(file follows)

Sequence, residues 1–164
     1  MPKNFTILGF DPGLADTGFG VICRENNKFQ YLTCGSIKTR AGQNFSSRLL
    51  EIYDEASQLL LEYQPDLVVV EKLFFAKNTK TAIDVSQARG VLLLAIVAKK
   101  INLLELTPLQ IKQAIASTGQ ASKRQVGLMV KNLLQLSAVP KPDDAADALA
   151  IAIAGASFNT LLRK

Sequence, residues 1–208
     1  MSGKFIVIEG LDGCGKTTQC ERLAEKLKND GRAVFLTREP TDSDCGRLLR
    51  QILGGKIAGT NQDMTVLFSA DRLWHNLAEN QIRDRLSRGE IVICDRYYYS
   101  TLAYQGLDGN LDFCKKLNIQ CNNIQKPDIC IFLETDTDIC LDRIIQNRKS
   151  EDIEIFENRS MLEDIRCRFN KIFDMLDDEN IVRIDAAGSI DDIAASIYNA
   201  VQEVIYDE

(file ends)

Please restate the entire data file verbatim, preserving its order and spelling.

Sequence, residues 1–164
     1  MPKNFTILGF DPGLADTGFG VICRENNKFQ YLTCGSIKTR AGQNFSSRLL
    51  EIYDEASQLL LEYQPDLVVV EKLFFAKNTK TAIDVSQARG VLLLAIVAKK
   101  INLLELTPLQ IKQAIASTGQ ASKRQVGLMV KNLLQLSAVP KPDDAADALA
   151  IAIAGASFNT LLRK

Sequence, residues 1–208
     1  MSGKFIVIEG LDGCGKTTQC ERLAEKLKND GRAVFLTREP TDSDCGRLLR
    51  QILGGKIAGT NQDMTVLFSA DRLWHNLAEN QIRDRLSRGE IVICDRYYYS
   101  TLAYQGLDGN LDFCKKLNIQ CNNIQKPDIC IFLETDTDIC LDRIIQNRKS
   151  EDIEIFENRS MLEDIRCRFN KIFDMLDDEN IVRIDAAGSI DDIAASIYNA
   201  VQEVIYDE